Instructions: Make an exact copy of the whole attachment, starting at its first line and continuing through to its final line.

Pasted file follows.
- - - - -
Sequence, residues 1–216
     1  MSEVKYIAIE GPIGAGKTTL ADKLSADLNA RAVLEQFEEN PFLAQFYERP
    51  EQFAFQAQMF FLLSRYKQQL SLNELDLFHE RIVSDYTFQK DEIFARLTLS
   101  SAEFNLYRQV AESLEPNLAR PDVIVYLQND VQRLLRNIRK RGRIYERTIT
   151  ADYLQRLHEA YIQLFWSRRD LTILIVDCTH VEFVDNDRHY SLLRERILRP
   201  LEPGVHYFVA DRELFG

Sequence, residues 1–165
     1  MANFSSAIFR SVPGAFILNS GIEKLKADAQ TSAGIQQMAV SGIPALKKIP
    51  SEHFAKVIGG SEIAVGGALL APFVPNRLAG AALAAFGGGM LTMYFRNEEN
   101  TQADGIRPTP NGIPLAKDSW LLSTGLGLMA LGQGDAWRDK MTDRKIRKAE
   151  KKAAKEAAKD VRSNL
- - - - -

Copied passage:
Sequence, residues 1–216
     1  MSEVKYIAIE GPIGAGKTTL ADKLSADLNA RAVLEQFEEN PFLAQFYERP
    51  EQFAFQAQMF FLLSRYKQQL SLNELDLFHE RIVSDYTFQK DEIFARLTLS
   101  SAEFNLYRQV AESLEPNLAR PDVIVYLQND VQRLLRNIRK RGRIYERTIT
   151  ADYLQRLHEA YIQLFWSRRD LTILIVDCTH VEFVDNDRHY SLLRERILRP
   201  LEPGVHYFVA DRELFG

Sequence, residues 1–165
     1  MANFSSAIFR SVPGAFILNS GIEKLKADAQ TSAGIQQMAV SGIPALKKIP
    51  SEHFAKVIGG SEIAVGGALL APFVPNRLAG AALAAFGGGM LTMYFRNEEN
   101  TQADGIRPTP NGIPLAKDSW LLSTGLGLMA LGQGDAWRDK MTDRKIRKAE
   151  KKAAKEAAKD VRSNL